There is a big difference between how we perceive the world with our brain and how it really is. Furthermore, this difference is growing bigger as we discover more and more stuff about the world, especially about the behavior of very large things (as in astronomy) and very small things (as in quantum mechanics).
The reason for this is quite simple: Never in out evolutionary history have we had to knowingly deal with those things in order to survive. We have never really struggled with electrons, quarks, black holes and galaxies. For all we know, a piece of rock is “rock solid”, and not over 99% emptiness, which is the true situation. For all we care, when we push our finger into it, it stops our finger from getting inside. We don’t really feel it as an electromagnetic repel between many particles.
This ever-growing difference also produces the modern tension between science and religion(s). Most ancient beliefs were formed at times when we knew very little about the real world. While our brain is still the same, we now know a hell of a lot more, so to speak.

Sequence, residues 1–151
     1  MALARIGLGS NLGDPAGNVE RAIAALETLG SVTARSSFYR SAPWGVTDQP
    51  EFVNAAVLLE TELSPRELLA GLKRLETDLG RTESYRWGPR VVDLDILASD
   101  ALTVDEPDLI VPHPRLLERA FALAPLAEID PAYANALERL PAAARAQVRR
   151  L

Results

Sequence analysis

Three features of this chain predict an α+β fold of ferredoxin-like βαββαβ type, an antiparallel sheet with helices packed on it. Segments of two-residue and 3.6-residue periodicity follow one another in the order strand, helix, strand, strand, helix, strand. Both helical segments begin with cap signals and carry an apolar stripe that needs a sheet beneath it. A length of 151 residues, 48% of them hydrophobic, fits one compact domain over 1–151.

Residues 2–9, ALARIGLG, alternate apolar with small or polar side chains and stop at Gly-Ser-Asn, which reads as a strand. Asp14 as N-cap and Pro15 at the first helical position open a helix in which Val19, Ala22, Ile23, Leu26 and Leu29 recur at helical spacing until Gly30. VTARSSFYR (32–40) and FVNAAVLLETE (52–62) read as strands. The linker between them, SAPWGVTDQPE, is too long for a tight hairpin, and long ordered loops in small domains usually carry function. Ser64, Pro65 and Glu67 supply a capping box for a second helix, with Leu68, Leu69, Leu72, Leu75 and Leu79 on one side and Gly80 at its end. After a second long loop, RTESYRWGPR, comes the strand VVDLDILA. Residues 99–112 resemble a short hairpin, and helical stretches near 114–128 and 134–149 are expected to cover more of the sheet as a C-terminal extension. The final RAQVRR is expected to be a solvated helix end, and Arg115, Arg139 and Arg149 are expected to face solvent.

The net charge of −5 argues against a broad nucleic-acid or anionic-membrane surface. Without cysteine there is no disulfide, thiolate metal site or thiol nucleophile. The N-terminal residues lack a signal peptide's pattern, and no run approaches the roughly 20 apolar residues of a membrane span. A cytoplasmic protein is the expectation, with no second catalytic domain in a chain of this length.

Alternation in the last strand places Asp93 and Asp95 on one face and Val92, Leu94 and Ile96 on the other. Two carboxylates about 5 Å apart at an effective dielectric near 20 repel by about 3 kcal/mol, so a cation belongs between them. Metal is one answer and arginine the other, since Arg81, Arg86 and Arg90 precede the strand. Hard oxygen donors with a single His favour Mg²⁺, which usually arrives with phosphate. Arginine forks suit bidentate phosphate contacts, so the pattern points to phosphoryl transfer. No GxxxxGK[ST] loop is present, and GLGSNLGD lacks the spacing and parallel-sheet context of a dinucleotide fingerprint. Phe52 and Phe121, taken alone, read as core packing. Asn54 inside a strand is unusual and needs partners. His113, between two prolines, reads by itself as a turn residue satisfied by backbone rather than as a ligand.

Our brain must assign reasons and conscious intentions to actions, even when the laws of nature don’t. Our brain must find interesting patterns in everything, even when in practice things are rather random. All of these feelings and behaviors have been crucial to our survival for millions of years, so we have been evolved into creatures that embrace them. What’s more “reasonable” for the human mind than thinking of a mighty god who created all this complexity around us, even while we know the true story is completely different.
This is what makes a great scientist nowadays. He or she knows to distinguish between feelings and knowledge. Intuitively I feel there is no way for an “eye” to evolve over time into its present state. In practice, I know it has, since this fact is backed up by evidence.